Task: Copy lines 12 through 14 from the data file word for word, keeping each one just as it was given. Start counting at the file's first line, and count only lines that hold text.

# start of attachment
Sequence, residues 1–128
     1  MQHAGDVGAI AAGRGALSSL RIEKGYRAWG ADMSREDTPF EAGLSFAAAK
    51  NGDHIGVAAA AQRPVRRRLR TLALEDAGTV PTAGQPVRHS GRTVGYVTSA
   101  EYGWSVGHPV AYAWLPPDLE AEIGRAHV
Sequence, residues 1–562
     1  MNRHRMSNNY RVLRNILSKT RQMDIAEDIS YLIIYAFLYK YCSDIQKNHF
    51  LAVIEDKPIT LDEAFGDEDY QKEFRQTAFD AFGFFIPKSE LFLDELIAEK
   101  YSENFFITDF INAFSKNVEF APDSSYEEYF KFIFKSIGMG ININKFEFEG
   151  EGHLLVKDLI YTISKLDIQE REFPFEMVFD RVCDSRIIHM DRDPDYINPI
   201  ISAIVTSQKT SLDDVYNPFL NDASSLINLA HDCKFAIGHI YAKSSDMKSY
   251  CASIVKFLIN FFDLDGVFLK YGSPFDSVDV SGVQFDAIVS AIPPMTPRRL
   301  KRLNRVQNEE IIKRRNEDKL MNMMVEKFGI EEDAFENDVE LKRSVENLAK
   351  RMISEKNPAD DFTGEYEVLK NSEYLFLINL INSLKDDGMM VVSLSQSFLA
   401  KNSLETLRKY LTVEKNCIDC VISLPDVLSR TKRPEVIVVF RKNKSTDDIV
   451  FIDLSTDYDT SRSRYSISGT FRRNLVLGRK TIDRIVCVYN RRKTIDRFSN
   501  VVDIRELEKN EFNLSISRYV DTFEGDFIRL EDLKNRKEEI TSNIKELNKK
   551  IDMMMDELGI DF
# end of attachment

   301  KRLNRVQNEE IIKRRNEDKL MNMMVEKFGI EEDAFENDVE LKRSVENLAK
   351  RMISEKNPAD DFTGEYEVLK NSEYLFLINL INSLKDDGMM VVSLSQSFLA
   401  KNSLETLRKY LTVEKNCIDC VISLPDVLSR TKRPEVIVVF RKNKSTDDIV